To go doubly sure, I rounded up the Japanese original soundtrack and pressed my cross-cultural adviser Frau Schmitto-san into service for this ongoing discussion. She spoke Japanese since she was a baby, but she is no professional translator. She says the sentence in question goes like this:

    “Sales of EVs are a bit down, I read that in the news. Honestly, I am sorry to hear that and I am frustrated.” She swears to sundry Shinto deieties that Shiga is sad about the sales, not about a news reporter. Frau Schmitto-san says “zannen ni omoimasu” is somewhere between “sad” and “sorry”, but has no connotations of apologies. However, if Carlos Ghosn’s personal translator says it’s “disappointing,” then we bow, yield to professional expertise and Nissan’s official translation.

    With the question framed like this, with Shiga’s answer going on to outline what Shiga wants to do to prop up sales, and having sought counsel, I apply Occam’s razor and declare that Shiga is fed up with the slow sales of the Leaf, and that he wants action. Those who have their selective perception tuned to different frequencies will disagree.

    The question about the planned Leaf production in the U.S. and UK went unanswered by Shiga, by the way.

    Nobody at Nissan asked me to correct my story, and we had face-to-face meetings at two occasions since Tuesday. The matter did not come up.

    If Shiga really would have been disappointed and frustrated by a false report, Shiga would have continued: “These allegations are false. In the contrary, sales of the Leaf have …” Wisely,it did not come to that.

    For the record, I currently live 30 minutes away from Nissan’s Yokohama world headquarters, and the folks at Nissan know where I live. Again for the record, at close of business on this Tokyo Friday, I still am in possession of all 10 fingers, and they remain attached to my hands. For tomorrow, I was asked to show up at a test track. If I get run over …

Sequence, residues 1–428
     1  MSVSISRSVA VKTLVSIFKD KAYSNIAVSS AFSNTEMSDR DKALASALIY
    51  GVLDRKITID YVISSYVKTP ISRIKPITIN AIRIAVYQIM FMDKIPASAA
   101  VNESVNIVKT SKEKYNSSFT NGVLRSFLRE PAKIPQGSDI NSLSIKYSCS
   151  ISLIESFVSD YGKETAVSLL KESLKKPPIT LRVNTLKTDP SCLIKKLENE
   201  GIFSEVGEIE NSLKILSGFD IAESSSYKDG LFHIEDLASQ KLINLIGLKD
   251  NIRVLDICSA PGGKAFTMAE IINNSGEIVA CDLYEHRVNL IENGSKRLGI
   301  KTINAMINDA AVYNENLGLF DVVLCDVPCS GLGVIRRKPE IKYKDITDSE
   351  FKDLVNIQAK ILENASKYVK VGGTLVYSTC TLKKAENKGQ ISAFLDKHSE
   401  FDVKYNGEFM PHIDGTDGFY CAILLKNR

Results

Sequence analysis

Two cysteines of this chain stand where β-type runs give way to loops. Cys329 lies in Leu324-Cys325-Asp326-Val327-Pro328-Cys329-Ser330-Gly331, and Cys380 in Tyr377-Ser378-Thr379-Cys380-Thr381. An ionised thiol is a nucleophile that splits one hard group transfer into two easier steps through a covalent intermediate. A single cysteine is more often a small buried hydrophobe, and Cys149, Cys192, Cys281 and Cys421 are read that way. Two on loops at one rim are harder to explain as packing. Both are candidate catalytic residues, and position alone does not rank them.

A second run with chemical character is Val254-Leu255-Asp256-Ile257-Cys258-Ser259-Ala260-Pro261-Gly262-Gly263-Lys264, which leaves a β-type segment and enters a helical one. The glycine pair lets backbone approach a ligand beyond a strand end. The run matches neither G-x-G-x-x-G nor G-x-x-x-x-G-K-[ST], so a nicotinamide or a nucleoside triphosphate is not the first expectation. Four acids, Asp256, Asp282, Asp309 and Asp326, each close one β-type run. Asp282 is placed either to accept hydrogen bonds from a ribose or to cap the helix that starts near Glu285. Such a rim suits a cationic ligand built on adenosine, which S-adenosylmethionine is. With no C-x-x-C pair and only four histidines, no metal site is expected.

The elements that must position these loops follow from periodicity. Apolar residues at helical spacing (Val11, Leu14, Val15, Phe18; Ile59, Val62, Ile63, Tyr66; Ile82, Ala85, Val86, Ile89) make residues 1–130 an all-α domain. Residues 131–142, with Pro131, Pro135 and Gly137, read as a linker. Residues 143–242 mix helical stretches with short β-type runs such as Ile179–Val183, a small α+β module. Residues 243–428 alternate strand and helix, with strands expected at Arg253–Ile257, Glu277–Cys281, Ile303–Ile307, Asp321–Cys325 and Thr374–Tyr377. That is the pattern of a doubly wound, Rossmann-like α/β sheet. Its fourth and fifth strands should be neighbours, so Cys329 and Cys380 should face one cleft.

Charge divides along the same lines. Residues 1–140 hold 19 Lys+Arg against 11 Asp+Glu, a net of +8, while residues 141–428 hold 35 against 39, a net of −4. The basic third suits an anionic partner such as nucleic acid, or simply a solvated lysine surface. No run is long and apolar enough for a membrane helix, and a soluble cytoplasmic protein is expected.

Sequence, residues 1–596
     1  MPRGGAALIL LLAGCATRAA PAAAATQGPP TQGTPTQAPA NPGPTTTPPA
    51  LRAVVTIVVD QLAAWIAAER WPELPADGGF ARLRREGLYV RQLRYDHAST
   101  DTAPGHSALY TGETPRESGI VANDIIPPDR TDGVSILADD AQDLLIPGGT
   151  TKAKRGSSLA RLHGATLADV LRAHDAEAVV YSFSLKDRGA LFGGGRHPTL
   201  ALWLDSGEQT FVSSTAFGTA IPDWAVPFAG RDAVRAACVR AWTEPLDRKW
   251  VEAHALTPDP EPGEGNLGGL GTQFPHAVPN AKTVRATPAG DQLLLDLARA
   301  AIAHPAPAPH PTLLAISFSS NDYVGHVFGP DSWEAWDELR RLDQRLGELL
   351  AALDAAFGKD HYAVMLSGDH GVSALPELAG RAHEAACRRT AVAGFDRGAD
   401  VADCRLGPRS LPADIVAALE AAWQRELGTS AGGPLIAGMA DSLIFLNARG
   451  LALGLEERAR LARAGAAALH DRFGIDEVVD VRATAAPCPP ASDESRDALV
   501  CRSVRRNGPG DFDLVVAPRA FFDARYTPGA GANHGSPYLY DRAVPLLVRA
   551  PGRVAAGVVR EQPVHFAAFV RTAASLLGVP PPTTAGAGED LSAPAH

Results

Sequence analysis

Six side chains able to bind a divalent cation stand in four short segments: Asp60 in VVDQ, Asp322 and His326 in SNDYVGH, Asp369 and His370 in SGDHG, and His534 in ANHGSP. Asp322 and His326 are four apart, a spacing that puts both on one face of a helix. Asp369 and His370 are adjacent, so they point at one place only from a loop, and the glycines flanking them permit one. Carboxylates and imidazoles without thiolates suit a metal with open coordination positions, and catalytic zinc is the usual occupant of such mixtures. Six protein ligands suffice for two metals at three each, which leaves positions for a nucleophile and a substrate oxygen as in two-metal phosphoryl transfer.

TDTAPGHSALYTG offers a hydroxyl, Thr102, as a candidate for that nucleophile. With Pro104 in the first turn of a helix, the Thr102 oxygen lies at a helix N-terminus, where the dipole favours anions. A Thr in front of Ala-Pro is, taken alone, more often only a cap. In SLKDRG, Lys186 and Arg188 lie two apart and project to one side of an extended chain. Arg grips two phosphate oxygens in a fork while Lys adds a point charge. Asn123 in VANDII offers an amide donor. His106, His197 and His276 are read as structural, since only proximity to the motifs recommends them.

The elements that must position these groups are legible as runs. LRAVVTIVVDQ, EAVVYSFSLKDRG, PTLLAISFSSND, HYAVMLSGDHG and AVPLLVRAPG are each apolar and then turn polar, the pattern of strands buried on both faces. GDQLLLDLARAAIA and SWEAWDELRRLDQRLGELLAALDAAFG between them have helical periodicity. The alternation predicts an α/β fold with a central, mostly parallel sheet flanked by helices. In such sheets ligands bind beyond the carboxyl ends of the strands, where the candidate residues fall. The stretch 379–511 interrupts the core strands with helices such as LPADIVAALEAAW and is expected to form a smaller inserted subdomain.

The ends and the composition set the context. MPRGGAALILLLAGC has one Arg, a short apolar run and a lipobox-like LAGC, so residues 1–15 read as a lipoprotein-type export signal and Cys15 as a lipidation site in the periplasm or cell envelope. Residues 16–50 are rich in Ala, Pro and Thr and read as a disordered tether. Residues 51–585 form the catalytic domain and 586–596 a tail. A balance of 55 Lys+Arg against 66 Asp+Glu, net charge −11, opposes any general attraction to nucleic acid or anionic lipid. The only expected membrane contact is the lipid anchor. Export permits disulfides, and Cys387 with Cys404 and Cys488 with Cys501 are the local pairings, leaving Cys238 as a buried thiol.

1. Jay Cole says:

      Its over.

      You have an opinion still. No harm in that. Such is life, we move on.

    2. Stuart22 says:

      >>The question about the planned Leaf production in the U.S. and UK went unanswered by Shiga, by the way.<<

      Reading between the lines, one could sense a split that exists within Nissan with regard to future plans with the LEAF and EVs. Could Ghosn and his hell-bent push for world conquest soon be history? Will LEAF production in the USA proceed or will there be a last minute postponement until further notice?

      Most major auto manufacturers appear to be going the extended range plug-in EV route, while Nissan has been full steam ahead with the battery-only LEAF. It's easy to guess that within Nissan there are some who are taking notice, who are studying sales, and who might feel their current efforts with the LEAF is going down the wrong path.

      If they are disappointed in sales, then they must have some point in mind where things come to a halt. Question is – how close are they to that point?

      1. Stuart22 says:

        >> Will LEAF production in the USA proceed or will there be a last minute postponement until further notice? <<

        Related to that question……Plugincars.com just reported that Nissan has cancelled their grand opening of the Smyrna battery plant.

        Just what is going on….

        1. Jay Cole says:

          Hey Stuart,

          Seen the media notice on that. We will have a story on that at some point this weekend. Its still a little obtuse as to what is going on at the moment…not sure yet.

          I’m trying to run down some comment from the plant and/or update on the more important bits (like status/confirmation of job 1 for next month).

          Thanks for the heads up though. I appreciate that.

          1. Jay Cole says:

            Update: Heard back from Nissan. Looks like it is a non-story. The various execs/personalities that were to be there couldn’t all get there heads together.

            Despite the original story about saying there was nothing planned to re-schedule, Nissan is re-jigging it and told me they will send me details on the new scheduling this coming week. They also confirmed the LEAF launch was on track and they were currently producing lithium batteries out of there in anticipation of start of production now.